Gosick Episode 12
What this is about: Watching all of the anime shows so you don’t have to! For more information about me and my reviews, click here.
Series Premise: Gosick is a 24-part weekly television series that began airing in January 2011, based on a light novel series by Fujimi Shobo. Kazuya is a young exchange student who arrives at a European academy in 1924, where he meets with the diminutive but brilliant recluse Victorique. Together, they solve the impossible-to-solve mysteries, with the help of the local inspector.
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Episode Summary: The entire academy leaves for summer vacation, and Avril invites Kujo to join her at her Mediterranean villa. At the last minute he decides to stay to keep Victorique company, much to her surprise. The two spend some quality time together, as Kujo thinks back to his childhood in Japan, and Victorique chides him for his self-deprecating personality.
My Impressions: This was…better. Nothing at all happens of importance in terms of mysteries or adventures of anything like that, but instead Gosick returns to where it really shines: the burgeoning personal relationship between Kujo and Victorique. Despite all the unusual conundrums that they have had to face, and despite the hints of how it all fits into a larger backdrop of major worldwide events, that was all just a vehicle for the true heart of the series, which was the smaller story of the mismatched duo’s prickly relationship.
This was just a non-event interlude of an episode marking the halfway point in the series, a few light events that don’t amount to much. But while the entire school body is away, Victorique can come out and play for a little while, as she very, very slowly takes the baby steps out of the insular cocoon that has kept her away from the world for so long. Meanwhile, she tacitly points out Kujo’s worst point, which is his poor self image in relation to his family, which in some ways is keeping him back from growing as well. Nothing special, but it was nice to see just the two of them bouncing off each other for a bit without interference from the side characters or some life-threatening situation hanging over their head.
But was this episode good enough to keep me watching the series? Well…nope. I had made the decision to drop Gosick last time around unless I was blown away by this episode, and I was not. Upon review over the first half of the series, I realized I was not really coming away satisfied, and sometimes actively grimacing at some of the mega-stupid moves taken by Kujo and others over the course of the mind-stopping ‘mysteries’. It’s not bad (and I may return back at some future date to finish it off), but it’s just not…good enough. So best to cut my losses here and move on to other shows where I am getting a greater amount of enjoyment, because lord knows I have an endless list of shows left to watch.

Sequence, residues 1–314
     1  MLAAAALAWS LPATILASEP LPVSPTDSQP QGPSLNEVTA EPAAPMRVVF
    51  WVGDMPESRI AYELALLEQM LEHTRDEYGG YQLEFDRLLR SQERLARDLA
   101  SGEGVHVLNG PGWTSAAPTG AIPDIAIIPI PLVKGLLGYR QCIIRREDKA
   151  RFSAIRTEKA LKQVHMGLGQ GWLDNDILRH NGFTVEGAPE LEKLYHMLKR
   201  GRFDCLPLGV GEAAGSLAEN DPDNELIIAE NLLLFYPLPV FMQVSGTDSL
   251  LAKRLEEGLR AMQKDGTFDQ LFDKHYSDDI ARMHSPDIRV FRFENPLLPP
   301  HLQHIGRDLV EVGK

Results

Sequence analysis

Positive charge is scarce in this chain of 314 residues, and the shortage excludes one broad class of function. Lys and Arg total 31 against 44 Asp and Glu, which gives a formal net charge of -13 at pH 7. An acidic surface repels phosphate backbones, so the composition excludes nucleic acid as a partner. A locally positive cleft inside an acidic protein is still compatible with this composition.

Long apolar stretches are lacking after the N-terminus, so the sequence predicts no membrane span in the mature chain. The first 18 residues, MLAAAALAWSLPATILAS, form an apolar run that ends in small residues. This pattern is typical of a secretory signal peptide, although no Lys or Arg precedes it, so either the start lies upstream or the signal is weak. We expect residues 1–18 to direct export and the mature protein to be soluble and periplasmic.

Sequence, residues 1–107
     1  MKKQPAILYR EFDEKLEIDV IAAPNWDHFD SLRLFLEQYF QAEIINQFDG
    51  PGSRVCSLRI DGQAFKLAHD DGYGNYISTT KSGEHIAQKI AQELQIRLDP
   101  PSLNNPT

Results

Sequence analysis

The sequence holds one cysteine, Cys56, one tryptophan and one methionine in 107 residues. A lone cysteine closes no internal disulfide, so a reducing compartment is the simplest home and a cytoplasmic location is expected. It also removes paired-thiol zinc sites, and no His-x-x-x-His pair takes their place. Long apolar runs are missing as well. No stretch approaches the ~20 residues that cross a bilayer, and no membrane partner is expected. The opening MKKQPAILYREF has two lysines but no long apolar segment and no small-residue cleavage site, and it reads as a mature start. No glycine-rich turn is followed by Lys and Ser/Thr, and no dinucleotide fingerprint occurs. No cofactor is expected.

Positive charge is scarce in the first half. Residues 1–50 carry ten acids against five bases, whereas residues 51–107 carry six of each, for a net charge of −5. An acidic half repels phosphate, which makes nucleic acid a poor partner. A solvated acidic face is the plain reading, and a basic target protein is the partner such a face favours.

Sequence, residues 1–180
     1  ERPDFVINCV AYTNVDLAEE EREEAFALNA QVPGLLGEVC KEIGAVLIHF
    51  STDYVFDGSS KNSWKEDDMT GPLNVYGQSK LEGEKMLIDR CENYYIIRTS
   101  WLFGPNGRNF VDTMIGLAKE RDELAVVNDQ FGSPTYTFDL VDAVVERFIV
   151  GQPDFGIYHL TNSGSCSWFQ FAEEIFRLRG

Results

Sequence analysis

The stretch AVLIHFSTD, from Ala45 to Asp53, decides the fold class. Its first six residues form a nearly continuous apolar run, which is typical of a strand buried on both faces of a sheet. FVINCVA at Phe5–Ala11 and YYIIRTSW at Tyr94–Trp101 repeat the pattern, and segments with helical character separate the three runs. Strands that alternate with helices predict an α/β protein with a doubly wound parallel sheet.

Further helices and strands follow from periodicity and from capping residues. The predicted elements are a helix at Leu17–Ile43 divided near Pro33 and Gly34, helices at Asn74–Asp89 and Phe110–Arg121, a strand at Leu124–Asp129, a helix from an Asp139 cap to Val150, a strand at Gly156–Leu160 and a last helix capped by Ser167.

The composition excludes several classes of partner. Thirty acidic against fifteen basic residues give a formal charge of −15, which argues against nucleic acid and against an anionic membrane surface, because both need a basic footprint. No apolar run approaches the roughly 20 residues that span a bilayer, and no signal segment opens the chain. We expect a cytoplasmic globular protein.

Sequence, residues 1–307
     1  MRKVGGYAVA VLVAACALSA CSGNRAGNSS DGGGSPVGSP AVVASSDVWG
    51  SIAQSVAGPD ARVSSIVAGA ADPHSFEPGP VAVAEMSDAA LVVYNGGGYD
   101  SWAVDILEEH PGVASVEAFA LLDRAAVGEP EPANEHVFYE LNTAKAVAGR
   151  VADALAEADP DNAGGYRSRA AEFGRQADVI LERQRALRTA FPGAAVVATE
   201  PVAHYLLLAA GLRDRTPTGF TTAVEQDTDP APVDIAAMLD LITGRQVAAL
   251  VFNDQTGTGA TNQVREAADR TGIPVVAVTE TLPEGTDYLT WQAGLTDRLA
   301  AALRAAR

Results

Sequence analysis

For more information:
- My earlier reviews:
- Info resources: My Anime List, Anime News Network, AniDB, and Wikipedia
- Watch episodes online on Crunchyroll
Sampling of Online Reviews:
- A harsher assessment than mine, but the same conclusion:“…I don’t even know what to say. The show has been reduced to doing brain teasers. Terrible brain teasers. The rest of the episode was picnics and Kazuya having flashbacks to Japan. Because Kazuya is such an interesting and engaging character and what’s really entrancing about this show are the picnics. That’s it. I’m tapping out for good. The show had its moments… 10 episodes ago… but this godawful writing and horrible horrible Kazuya are not worth the slim hope that it might do something non-awful again.” – Tenka Seiha
- “In the end, this was just a slow paced episode meant to flesh out Kujo a bit more, which certainly can’t hurt. That being said, aside from the details we learn about Kujo, there wasn’t much else worth noting from this episode. Like I said earlier, the episode literally consisted of Kujo and Victorique exchanging some riddles and stuff.” – Emory Anime Club
- “It’s been the case since the beginning that Gosick was better as a character study than as a mystery, so this week’s episode should, on paper, have been among the best. And as it happens, it may have been my favorite of the series so far.” – Lost in America
- “This light-hearted episode actually works surprisingly well, probably only because Victorique is such an eminently watchable character no matter what she does and even when she is only given the most simple of problems to solve. That said, I hope we’re returning to more serious fare next week.” – Hanners’ Anime Blog